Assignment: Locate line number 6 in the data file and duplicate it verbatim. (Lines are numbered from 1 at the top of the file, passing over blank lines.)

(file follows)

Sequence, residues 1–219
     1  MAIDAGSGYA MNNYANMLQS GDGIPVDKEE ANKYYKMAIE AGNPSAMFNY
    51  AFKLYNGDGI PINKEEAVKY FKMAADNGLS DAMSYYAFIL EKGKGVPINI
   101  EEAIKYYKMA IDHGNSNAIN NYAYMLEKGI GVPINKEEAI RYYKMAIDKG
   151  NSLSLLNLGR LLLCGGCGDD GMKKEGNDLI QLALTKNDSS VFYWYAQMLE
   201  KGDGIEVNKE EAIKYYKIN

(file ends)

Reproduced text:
   201  KGDGIEVNKE EAIKYYKIN